What is the typically administered dose of Narcan? Narcan nasal spray comes in 4 mg doses of naloxone hydrochloride in a 0.1 ml spray. The half-life of Narcan, or how long it takes for half of the drug to leave a person’s system, is approximately 60 minutes. With this half-life, the effects of Narcan will last for only a few hours after it is administered intranasally.

Narcan is not known to have any serious side effects for individuals who have not taken opioids or who were suspected (but not confirmed) of an overdose. In the event that it is accidentally sprayed up a person’s nasal cavity, it generally causes no harm. Narcan only works at blocking opioid signaling for anyone taking opioids or actively overdosing from opioids.

Administering Narcan

Individuals interested in how to administer Narcan will find that it is relatively easy, as it requires no prior medical training. Narcan administration involves a few key steps to ensure that the person who has overdosed will benefit from its use. Individuals should also be aware of what Narcan does once it begins to work. General steps that should be followed when administering Narcan include:

  1. Confirming an opioid overdose if possible
  2. Preparing the Narcan dose
  3. Administering Narcan nasal spray according to labeling instructions — a single spray of Narcan should be delivered patients intranasally into one nostril (not both)
  4. Call 911 for emergency assistance after or while administering the first dose of Narcan. If more than one person is around, have someone else call 911
  5. Monitor the person’s response
  6. Repeat Narcan administration with a new nasal spray dose if the person does not respond, or if they initially respond but then relapse into a respiratory depression (slow or stopped breathing). Doses can be given every two to three minutes until emergency medical services arrive on the scene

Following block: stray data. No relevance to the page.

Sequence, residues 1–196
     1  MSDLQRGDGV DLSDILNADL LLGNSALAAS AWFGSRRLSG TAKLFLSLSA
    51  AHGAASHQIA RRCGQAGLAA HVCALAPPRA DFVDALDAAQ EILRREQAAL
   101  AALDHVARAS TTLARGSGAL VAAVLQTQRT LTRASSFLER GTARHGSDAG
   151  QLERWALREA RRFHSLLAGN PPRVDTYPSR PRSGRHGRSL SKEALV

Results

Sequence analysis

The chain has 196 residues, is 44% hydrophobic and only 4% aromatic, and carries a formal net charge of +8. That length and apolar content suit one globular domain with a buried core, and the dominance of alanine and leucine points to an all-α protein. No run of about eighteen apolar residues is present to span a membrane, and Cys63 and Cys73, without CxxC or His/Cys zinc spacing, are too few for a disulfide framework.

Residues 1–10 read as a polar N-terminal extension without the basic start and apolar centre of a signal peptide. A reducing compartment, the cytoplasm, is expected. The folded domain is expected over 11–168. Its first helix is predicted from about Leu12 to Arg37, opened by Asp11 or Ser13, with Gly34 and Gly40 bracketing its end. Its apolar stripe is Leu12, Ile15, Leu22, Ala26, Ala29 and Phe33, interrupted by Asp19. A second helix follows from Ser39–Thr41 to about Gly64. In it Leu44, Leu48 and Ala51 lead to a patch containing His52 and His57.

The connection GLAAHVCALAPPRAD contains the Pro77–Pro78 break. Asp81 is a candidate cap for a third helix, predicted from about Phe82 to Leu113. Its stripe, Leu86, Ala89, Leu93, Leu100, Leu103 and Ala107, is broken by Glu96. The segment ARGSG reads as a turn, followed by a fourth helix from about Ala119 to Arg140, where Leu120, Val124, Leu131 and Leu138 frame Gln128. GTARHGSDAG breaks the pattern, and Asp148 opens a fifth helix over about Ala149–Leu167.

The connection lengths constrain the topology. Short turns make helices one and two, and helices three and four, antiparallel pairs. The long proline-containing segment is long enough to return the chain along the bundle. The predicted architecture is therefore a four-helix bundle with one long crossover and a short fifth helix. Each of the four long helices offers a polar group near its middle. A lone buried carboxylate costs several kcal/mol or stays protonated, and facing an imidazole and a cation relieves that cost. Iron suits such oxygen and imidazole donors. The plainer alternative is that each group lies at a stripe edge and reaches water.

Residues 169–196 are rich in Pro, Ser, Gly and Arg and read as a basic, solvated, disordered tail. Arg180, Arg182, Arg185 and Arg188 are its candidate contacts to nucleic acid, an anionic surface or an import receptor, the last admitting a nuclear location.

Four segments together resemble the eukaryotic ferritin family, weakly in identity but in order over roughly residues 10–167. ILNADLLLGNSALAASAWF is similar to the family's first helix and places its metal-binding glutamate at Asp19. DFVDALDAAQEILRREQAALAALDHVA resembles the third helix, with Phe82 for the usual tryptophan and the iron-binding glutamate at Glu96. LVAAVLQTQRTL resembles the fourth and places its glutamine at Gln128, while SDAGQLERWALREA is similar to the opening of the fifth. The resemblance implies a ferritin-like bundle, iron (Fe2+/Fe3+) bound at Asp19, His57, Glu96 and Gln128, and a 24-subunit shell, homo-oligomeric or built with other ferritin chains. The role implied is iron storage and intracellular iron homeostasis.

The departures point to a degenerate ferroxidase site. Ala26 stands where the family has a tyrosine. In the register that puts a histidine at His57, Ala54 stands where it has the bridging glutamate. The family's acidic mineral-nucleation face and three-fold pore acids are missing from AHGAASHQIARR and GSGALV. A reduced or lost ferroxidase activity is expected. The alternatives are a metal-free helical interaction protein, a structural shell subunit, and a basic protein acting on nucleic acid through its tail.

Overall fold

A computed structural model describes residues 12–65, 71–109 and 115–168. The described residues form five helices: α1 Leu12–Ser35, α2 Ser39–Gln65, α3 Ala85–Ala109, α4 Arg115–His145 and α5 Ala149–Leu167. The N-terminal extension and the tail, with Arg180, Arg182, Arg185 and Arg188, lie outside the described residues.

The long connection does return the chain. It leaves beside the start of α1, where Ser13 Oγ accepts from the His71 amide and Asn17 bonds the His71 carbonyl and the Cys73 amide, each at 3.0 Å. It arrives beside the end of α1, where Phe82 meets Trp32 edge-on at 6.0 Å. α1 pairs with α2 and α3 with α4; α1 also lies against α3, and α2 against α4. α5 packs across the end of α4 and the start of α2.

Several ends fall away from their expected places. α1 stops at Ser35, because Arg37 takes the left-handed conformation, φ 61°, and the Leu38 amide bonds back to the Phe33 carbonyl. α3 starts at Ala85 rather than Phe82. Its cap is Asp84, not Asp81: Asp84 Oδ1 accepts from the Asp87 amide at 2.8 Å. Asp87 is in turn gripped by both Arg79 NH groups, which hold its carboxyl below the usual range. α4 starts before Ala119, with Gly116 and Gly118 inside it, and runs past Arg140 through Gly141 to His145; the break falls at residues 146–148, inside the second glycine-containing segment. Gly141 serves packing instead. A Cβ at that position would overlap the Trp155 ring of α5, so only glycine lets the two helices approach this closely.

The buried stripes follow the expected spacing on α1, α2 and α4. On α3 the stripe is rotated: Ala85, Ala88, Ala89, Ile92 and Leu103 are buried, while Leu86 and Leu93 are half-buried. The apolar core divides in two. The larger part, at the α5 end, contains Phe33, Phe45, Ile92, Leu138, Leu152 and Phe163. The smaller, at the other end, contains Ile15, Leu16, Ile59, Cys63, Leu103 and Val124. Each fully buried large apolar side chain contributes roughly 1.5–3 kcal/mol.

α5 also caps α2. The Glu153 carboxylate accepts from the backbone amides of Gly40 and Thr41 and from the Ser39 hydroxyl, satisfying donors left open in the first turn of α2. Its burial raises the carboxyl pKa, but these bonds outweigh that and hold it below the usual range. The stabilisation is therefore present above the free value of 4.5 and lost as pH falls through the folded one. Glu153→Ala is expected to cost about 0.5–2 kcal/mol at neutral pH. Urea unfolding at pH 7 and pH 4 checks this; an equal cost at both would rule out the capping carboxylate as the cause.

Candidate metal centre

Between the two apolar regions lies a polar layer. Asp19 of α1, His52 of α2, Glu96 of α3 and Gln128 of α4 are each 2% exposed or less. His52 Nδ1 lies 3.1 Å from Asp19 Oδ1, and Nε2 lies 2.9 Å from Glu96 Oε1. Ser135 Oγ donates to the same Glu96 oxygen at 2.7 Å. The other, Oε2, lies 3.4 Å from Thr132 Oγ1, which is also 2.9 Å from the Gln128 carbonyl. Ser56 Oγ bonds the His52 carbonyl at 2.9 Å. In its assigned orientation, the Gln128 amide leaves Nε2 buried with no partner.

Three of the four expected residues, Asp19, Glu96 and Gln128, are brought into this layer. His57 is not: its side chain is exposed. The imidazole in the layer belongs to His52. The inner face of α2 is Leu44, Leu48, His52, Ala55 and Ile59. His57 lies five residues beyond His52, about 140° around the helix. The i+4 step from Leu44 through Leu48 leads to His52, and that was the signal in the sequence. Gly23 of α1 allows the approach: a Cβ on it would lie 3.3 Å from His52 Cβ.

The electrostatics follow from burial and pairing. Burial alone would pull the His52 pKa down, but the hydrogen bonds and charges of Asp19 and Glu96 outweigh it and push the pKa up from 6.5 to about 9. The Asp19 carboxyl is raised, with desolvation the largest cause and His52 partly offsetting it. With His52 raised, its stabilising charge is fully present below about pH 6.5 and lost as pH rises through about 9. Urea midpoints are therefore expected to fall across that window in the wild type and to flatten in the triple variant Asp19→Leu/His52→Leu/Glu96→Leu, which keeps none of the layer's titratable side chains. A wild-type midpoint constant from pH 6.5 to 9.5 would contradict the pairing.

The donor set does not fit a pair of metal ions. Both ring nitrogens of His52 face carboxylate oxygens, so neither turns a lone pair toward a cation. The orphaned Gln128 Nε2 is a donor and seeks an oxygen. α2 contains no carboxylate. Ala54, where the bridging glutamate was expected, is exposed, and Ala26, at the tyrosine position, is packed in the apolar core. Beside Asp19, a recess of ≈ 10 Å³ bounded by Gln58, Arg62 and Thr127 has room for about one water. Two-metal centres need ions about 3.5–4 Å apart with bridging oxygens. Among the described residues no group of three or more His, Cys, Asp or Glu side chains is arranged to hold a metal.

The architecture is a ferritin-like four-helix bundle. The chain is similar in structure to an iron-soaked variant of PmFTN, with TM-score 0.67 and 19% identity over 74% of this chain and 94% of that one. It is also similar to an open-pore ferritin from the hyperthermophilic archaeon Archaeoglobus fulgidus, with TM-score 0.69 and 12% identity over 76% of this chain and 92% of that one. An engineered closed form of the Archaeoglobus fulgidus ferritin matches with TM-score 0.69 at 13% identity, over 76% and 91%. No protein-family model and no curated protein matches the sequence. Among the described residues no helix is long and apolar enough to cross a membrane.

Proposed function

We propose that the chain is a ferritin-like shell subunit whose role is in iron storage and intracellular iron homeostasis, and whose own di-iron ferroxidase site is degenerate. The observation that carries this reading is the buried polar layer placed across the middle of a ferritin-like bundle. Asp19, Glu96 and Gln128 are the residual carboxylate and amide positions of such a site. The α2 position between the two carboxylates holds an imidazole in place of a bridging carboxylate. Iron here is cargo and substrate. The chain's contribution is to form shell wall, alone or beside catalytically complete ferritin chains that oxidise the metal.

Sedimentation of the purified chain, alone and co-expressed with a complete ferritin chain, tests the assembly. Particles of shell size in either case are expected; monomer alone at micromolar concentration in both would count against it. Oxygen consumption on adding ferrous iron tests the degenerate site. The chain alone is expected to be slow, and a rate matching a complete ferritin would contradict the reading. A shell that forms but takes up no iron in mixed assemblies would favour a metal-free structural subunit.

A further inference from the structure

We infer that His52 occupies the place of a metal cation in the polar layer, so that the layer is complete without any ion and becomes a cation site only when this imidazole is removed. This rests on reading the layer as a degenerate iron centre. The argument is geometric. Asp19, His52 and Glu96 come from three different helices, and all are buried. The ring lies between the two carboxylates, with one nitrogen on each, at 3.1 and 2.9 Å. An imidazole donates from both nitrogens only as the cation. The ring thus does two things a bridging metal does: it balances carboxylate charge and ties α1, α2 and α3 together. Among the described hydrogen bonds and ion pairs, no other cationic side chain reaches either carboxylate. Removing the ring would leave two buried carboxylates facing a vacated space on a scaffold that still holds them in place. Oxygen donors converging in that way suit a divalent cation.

7. Perform CPR and other resuscitative measures if multiple Narcan doses fail to work while waiting for emergency crews to arrive

What Happens After Administering Narcan for Overdose?

There are several side effects of Narcan use after an overdose. After the intranasal administration of Narcan, side effects are typically not severe and resolve relatively quickly. How well someone reacts to Narcan will depend on the person and the severity of their overdose.

It is important to note that Narcan will not reverse the effects of other drug classes like alcoholmarijuanacocaine or amphetamines. Narcan only reverses the effects of opioids, due to its mechanism of action.

Who Should Use Narcan?

Narcan nasal spray was designed for people who are experiencing an opioid overdose. However, it can be administered easily by virtually anyone. Narcan can be bought with or without a prescription from any major drugstore. Individuals who struggle with opioid use can buy it and have it on hand for others to administer in case of emergencies.

Administration of Narcan requires no medical training or background. Anyone who knows a person struggling with opioid addiction or lives in a community with high opioid use would likely benefit from carrying Narcan with them.

What Drugs Does Narcan Reverse?